The sentence has been hovering at the edge of my thoughts for weeks now. Every now and then it surfaces for no apparent reason, other than perhaps to remind me that I should do something about it.
And so, as November slides into December and the season of feasting is upon us, I shall buy spices.
And then I shall give them away to a food bank.
I’ve never thought of donating something like spices before. I’ve given cereal and soup, flour and sugar, even peanut butter and jam. When I lived in Metro Moncton, I dutifully handed over a frozen turkey several years in a row to the remarkable Sue Stultz and her crew of Turkey Drive volunteers.
But it never occurred to me that spices might be useful items for food bank shelves; that the clients who come, bags in hand to collect something to keep their families fed, might just appreciate a bottle of crushed chilies, a packet of curry or a few sticks of cinnamon.
I would never have come up with the idea on my own. When I think of food banks I think of staples, bland, boring but useful. Pasta is filling, spaghetti sauce easy to heat up. Rice bulks up a casserole. Jars of baby food are always in demand.
The groceries I generally give to food banks are found in the sensible centre of the grocery store, not around the perimeter where the tantalizing treats are stacked.
I suppose, if I thought of them at all, I must have categorized the clients as rather bland too, just like the food I was buying for them. They were monochromatic, not richly hued, like cardamom and turmeric.
I clumped them all together simply as people who couldn’t afford to shop for groceries like the rest of us; people who had to take what was offered, not what they might be craving. I, on the other hand, can pretty much satisfy my cravings whenever I want. I have two shelves of spices.
And then I heard an interview on the radio one morning that sprinkled the spice thought into my head. “Why doesn’t anyone ever think of giving spices to food banks?” asked the woman being interviewed.
Why ever not, I wondered myself that morning. And the thought refused to leave my brain.
As it turns out, there’s more than one reason to donate spices to food banks, as I learned after reading a recent study called Who’s Hungry, Faces of Hunger in the Greater Toronto Area. The study surveyed people who use 40 different food banks in this city.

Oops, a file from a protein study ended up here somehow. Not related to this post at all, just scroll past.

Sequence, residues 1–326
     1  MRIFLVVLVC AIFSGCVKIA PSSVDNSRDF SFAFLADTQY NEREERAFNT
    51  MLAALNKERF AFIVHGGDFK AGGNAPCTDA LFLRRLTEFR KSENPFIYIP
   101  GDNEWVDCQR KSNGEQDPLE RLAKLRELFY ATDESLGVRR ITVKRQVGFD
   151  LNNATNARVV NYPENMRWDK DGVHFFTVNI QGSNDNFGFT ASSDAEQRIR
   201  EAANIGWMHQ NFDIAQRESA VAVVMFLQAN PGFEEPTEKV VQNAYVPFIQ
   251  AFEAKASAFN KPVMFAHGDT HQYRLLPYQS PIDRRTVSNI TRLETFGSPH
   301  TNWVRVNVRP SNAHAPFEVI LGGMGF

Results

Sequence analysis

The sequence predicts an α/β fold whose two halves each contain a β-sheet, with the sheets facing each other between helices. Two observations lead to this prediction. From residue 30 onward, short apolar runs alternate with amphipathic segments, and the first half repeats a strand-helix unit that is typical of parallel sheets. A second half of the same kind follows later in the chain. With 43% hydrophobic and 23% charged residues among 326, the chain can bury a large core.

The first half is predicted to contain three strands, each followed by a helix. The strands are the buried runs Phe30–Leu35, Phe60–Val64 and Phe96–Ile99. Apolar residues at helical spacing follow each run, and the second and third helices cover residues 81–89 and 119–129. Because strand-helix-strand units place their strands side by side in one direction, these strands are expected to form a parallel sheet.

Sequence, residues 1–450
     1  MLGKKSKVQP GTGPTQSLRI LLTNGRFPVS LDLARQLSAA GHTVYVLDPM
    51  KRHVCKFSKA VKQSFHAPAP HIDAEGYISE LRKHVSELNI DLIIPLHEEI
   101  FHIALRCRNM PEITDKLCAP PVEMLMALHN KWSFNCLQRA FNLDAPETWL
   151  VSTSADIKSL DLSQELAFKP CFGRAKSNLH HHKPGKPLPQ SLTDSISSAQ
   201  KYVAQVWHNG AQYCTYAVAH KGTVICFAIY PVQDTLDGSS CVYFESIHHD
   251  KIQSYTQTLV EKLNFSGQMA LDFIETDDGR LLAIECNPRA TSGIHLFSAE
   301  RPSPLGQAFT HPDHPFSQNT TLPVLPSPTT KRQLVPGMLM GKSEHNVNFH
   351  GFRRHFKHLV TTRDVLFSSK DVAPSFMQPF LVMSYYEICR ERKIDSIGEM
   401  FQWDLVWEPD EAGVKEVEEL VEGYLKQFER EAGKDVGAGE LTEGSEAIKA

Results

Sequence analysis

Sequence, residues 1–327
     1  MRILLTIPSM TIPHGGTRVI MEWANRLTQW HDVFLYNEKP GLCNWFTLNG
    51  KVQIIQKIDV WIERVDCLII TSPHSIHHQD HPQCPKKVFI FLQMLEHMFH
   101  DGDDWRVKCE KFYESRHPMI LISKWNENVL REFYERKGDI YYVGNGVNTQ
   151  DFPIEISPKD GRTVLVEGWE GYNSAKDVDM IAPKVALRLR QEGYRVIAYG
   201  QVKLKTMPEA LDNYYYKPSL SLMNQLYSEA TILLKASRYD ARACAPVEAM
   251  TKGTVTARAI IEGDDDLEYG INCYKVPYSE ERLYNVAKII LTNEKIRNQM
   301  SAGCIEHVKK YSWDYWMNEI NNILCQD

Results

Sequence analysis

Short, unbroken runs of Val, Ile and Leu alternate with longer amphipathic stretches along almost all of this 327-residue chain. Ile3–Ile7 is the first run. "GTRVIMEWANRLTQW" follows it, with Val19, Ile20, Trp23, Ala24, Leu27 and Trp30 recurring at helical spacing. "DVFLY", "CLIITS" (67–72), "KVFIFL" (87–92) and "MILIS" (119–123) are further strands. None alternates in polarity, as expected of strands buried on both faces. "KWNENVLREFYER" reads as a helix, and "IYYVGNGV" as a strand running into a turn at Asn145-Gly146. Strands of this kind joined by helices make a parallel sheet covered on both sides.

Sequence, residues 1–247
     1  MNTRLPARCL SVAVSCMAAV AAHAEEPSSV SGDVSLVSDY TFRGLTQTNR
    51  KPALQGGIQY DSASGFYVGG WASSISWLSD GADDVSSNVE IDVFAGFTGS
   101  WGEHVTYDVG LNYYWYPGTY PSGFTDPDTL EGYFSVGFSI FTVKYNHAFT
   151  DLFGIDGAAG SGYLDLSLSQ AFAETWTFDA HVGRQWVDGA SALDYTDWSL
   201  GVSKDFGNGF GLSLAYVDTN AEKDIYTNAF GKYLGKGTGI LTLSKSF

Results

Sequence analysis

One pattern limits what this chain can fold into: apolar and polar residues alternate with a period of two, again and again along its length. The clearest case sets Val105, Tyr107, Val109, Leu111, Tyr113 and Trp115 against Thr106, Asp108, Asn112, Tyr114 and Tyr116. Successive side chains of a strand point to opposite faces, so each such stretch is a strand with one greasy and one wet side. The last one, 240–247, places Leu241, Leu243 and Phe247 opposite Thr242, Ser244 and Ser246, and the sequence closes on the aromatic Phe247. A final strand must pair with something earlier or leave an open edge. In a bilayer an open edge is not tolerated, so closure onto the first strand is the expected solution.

Consider this: 51 per cent of the people frequenting food banks in Greater Toronto were born outside Canada; 20 per cent are landed immigrants; six per cent refugees. Twenty six per cent are between the ages of 45 and 64; four per cent are older than 65 years. Thirty nine per cent have children; 28 per cent are college or university educated.
If the statistics are mind numbing, let me paint the picture another way.
People using food banks may well be used to eating spicy, fragrant foods. They might have come from countries where curry is considered a meal, not a yellow spice.
People using food banks are middle aged, approaching retirement, even. They likely have habitual tastes, and might like a good cup of tea, with a ginger snap on the side before bedtime.
People using food banks have families. And individual members of families have their own favourite foods.
People using food banks have lived the university life. And while that may mean they consumed lots of beer, it may also mean they are open to trying new things, and like cooking with new recipes. Somewhere between reading Chaucer and memorizing the table of chemical elements, they might have frequented an all-you-can-eat Sushi bar, favouring the spicy dragon rolls as brain fuel.
People using food banks are diverse with broad life experiences. Providing them with familiar groceries might just ease the shame many experience each time they are forced to put their hands out for help.
There are all kinds of reasons people end up using food banks and multiple solutions that could end the need. I doubt many of those solutions will be put to into practice in the next month. But I can put something into practice this December. I can buy spices, not just for my cupboard, but for someone else’s.
Lynda MacGIbbon is a transplanted Maritimer living in Toronto. Her column appears on newsprint in the Moncton Times & Transcript each Friday. Contact her at firstname.lastname@example.org and follow her on Twitter @lyndamacgibbon.